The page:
Fifty years later, after King Cyrus of Persia defeats the Babylonians, Jews are allowed to return from exile and they commence the re-building of their Temple, about 515 BCE.

c.410 BCE – c.310 BCE

One hundred and twenty sages of the Great Assembly collate the Hebrew Bible (the ‘Old Testament’). It is a collection of sacred books written over a period of some hundreds of years, which record the history of the Jewish people, their laws, poetry and philosophy.

169 BCE

A revolt by the Jewish Maccabees against the successors of Alexander the Great reflects the contest between Hellenism and the Jewish tradition.

Under the rule of the descendants of the Maccabees the Apocryphal books are written and the concept of Midrash (Biblical commentary) is developed. The Sanhedrin and other Rabbinical Courts are established and rabbinical commentary on the law begins.

70 CE

After more than a hundred years of intermittent war, the Romans destroy the Second Jewish Temple in Jerusalem. This is the traditional date for the beginning of the Jewish dispersion.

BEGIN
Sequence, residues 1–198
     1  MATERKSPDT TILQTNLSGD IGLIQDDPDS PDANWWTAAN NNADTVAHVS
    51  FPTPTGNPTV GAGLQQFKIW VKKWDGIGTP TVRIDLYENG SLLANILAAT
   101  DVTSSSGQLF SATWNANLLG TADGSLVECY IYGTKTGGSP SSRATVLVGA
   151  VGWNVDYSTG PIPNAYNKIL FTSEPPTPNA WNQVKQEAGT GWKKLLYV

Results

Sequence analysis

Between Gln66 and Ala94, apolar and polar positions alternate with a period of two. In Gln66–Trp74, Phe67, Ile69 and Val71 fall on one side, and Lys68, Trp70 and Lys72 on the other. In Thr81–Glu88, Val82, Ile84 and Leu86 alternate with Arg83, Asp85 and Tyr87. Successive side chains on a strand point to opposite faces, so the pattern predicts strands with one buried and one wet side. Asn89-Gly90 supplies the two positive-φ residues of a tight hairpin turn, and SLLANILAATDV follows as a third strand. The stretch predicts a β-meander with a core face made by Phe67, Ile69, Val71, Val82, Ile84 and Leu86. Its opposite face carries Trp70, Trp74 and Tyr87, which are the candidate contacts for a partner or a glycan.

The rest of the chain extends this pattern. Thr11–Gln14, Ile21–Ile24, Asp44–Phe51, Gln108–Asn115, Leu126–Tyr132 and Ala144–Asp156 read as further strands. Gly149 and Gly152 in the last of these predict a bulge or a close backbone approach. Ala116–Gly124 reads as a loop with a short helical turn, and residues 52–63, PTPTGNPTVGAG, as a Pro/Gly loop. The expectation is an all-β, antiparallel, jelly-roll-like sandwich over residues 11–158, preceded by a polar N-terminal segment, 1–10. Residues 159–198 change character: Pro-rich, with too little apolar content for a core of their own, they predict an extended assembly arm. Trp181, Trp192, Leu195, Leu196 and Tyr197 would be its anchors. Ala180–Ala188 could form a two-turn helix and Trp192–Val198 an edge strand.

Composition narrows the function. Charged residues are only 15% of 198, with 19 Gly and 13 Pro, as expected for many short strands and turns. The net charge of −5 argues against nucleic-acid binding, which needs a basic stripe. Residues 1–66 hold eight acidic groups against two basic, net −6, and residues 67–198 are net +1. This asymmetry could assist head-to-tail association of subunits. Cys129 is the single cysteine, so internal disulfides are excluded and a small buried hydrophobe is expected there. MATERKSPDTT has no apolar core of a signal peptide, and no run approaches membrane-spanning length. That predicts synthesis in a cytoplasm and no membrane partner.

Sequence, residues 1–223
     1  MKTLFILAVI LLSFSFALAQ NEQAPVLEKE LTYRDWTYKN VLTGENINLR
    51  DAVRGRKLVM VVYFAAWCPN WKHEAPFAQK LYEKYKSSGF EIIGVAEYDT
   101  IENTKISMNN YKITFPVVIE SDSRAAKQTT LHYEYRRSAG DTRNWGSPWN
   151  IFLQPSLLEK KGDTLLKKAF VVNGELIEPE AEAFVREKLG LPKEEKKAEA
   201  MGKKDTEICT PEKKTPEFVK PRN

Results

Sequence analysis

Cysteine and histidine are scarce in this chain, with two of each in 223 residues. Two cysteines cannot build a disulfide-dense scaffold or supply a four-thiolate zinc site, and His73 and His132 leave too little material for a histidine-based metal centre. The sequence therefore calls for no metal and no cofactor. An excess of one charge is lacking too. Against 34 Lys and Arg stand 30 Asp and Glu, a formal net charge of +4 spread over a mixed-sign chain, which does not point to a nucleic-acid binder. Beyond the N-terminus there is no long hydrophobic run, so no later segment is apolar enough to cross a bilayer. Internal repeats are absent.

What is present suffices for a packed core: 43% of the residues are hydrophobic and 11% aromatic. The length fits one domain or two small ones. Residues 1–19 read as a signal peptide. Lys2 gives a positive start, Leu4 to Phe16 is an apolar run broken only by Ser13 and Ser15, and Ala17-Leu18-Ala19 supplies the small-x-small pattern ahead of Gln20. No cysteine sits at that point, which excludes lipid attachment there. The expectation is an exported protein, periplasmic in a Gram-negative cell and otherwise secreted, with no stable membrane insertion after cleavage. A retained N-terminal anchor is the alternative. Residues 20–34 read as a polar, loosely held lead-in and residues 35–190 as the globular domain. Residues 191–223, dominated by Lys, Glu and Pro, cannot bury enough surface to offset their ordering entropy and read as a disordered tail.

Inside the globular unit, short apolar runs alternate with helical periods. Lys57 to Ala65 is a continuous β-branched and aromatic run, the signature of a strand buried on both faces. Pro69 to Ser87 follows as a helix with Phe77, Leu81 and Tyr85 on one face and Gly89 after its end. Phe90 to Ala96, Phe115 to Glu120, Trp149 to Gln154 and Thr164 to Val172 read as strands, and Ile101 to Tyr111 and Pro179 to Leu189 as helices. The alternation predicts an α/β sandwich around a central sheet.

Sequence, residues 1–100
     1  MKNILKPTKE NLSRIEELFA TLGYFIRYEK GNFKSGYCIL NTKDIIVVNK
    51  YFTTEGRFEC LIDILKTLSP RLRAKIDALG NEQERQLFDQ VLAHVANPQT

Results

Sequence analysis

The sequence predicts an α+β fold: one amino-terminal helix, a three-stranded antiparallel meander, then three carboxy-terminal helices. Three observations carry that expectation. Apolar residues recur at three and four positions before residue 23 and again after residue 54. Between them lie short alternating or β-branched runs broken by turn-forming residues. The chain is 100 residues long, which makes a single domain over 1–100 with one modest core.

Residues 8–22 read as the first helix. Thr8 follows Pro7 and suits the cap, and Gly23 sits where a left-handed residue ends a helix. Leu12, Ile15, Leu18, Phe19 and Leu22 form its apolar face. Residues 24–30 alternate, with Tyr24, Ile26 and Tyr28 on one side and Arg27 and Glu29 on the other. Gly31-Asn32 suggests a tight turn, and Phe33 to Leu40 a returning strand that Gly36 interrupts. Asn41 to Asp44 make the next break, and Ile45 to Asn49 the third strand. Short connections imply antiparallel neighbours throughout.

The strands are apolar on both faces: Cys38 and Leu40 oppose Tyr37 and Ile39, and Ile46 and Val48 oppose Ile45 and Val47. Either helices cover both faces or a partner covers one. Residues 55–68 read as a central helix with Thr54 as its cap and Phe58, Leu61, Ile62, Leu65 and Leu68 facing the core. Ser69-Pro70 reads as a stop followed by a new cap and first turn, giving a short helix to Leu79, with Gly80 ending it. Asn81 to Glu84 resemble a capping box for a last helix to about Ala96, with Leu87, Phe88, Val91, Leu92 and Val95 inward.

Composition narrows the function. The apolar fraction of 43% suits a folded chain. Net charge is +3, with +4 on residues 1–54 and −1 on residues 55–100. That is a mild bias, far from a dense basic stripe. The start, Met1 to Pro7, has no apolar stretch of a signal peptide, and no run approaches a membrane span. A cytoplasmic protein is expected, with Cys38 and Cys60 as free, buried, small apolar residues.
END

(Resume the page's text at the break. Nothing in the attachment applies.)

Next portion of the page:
The Romans celebrate their victory by erecting a triumphal arch, the Arch of Titus, which still stands in Rome. The Arch shows Roman soldiers carrying sacred Jewish objects out of the Temple, including the seven-branched golden candlestick (‘Menorah’) which is described in the Bible.


A second Jewish revolt is put down by the Romans. The Roman historian Cassius Dio records that 580,000 Jewish soldiers are killed and over 900 villages and towns destroyed. The Emperor Hadrian decrees that name of the land should be changed from ‘Judea’ to Syria Palestina – ‘Philistine Syria’. The dispersion of the Jewish people as captives, slaves and refugees is accelerated.